FACULTY NOTES Former faculty member DEAN BAIRD is pleased to announce the arrival of his granddaughter, Jase Marie Young, born on April 24, 2015 to his daughter, Catherine, and her husband, Tyler. Jase weighed 8 lbs., 2 oz. Dean was the former Chairman of the Computer Science Department and retired in May 2015 after 39 years at St. Mark’s. DUANE BARNHART married Gina Ottwell on May 23, 2015. Duane was also blessed with a new granddaughter, Hannah Grace Evans, born on July 22, 2015. Hannah weighed 6 lbs., 1 oz. and measured 19.5 inches in length. Duane serves as the Assistant Director of the Physical Plant. Eugene McDermott Master Teaching Chair in Science JOHN MEAD was featured in an exhibition at the Texas Discovery Gardens in Fair Park. The exhibit featured John’s wildlife, landscape, and macro photography, as well as his digital paintings and selections of his Microsafari videos on the large screen in the gallery. Lower School teacher LAURA OWENS was married to Dale Pigg on June 6, 2015, at Prestonwood Baptist Church in Plano, Texas. CHERAY WILLIAMS played the part of Doo-Wop Girl Chiffon in the Vagabond Players production of the musical Little Shop of Horrors. The Vagabond Players is a small theater company based in Terrell, Texas, and their productions are held at the black box theater Books and Crannies. Cheray enjoyed her first performance in live theater. Cheray works in the Business Office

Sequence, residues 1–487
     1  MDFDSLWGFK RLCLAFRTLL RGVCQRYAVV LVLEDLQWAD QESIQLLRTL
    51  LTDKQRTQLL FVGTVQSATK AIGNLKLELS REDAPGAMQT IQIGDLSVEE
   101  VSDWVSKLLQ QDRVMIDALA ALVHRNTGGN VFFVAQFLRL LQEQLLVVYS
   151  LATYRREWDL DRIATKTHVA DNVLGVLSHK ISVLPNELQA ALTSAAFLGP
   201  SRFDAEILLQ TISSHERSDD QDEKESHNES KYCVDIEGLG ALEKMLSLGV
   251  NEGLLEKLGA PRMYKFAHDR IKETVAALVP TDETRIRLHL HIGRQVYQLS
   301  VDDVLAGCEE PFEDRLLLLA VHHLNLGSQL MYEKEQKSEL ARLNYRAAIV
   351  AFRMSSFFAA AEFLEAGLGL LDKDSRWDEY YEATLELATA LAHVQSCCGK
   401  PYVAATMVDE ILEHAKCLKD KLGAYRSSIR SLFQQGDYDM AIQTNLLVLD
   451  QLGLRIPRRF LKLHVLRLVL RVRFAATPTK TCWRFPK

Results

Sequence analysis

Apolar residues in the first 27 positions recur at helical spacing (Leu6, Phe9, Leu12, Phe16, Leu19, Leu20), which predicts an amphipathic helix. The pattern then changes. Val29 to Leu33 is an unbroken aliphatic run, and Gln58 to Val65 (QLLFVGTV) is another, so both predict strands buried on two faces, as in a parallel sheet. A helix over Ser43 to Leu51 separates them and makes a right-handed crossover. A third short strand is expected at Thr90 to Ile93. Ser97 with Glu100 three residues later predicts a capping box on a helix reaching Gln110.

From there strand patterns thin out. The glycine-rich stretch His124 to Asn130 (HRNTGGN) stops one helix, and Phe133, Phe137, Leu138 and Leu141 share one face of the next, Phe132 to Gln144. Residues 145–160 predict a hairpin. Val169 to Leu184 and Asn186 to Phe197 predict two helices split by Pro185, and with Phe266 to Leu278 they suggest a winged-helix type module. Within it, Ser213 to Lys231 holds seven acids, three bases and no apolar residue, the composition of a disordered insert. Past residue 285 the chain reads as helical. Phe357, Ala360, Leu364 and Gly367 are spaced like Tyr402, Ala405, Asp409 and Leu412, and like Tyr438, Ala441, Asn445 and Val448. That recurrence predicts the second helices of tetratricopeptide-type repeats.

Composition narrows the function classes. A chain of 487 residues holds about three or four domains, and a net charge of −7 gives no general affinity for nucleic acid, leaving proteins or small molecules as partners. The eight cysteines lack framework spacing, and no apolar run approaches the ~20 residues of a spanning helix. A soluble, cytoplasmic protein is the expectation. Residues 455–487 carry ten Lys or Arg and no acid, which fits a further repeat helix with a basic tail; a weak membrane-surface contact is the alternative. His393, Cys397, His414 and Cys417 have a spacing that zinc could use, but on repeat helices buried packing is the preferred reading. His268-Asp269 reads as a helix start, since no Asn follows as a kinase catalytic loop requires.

Duane Barnhart married Gina Ottwell Laura Owens married Dale Pigg Cheray Williams in the musical Little Shop of Horrors